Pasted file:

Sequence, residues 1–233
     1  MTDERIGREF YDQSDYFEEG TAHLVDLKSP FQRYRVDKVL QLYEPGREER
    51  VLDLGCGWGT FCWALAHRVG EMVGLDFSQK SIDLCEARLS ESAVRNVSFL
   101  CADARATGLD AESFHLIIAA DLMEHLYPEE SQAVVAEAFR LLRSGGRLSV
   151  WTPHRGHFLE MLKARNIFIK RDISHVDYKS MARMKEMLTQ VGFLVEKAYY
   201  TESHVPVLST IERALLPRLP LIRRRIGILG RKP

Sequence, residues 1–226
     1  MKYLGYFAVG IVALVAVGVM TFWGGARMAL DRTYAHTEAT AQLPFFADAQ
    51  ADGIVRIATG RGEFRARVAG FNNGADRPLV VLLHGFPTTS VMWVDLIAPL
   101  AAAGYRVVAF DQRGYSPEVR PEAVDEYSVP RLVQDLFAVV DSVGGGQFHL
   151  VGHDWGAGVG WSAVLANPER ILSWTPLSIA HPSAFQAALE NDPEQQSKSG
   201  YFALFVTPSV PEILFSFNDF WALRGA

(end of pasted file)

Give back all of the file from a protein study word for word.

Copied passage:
Sequence, residues 1–233
     1  MTDERIGREF YDQSDYFEEG TAHLVDLKSP FQRYRVDKVL QLYEPGREER
    51  VLDLGCGWGT FCWALAHRVG EMVGLDFSQK SIDLCEARLS ESAVRNVSFL
   101  CADARATGLD AESFHLIIAA DLMEHLYPEE SQAVVAEAFR LLRSGGRLSV
   151  WTPHRGHFLE MLKARNIFIK RDISHVDYKS MARMKEMLTQ VGFLVEKAYY
   201  TESHVPVLST IERALLPRLP LIRRRIGILG RKP

Sequence, residues 1–226
     1  MKYLGYFAVG IVALVAVGVM TFWGGARMAL DRTYAHTEAT AQLPFFADAQ
    51  ADGIVRIATG RGEFRARVAG FNNGADRPLV VLLHGFPTTS VMWVDLIAPL
   101  AAAGYRVVAF DQRGYSPEVR PEAVDEYSVP RLVQDLFAVV DSVGGGQFHL
   151  VGHDWGAGVG WSAVLANPER ILSWTPLSIA HPSAFQAALE NDPEQQSKSG
   201  YFALFVTPSV PEILFSFNDF WALRGA